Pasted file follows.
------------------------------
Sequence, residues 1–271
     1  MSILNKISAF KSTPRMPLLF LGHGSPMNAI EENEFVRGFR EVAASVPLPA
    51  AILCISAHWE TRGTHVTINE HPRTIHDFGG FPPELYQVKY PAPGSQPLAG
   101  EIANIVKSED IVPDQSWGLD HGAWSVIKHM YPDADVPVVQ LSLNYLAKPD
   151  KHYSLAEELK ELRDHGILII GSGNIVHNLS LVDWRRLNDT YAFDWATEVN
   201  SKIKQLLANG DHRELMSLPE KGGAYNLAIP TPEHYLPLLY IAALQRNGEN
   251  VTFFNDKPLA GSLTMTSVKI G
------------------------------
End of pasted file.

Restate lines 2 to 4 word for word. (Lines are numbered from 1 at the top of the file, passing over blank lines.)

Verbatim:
     1  MSILNKISAF KSTPRMPLLF LGHGSPMNAI EENEFVRGFR EVAASVPLPA
    51  AILCISAHWE TRGTHVTINE HPRTIHDFGG FPPELYQVKY PAPGSQPLAG
   101  EIANIVKSED IVPDQSWGLD HGAWSVIKHM YPDADVPVVQ LSLNYLAKPD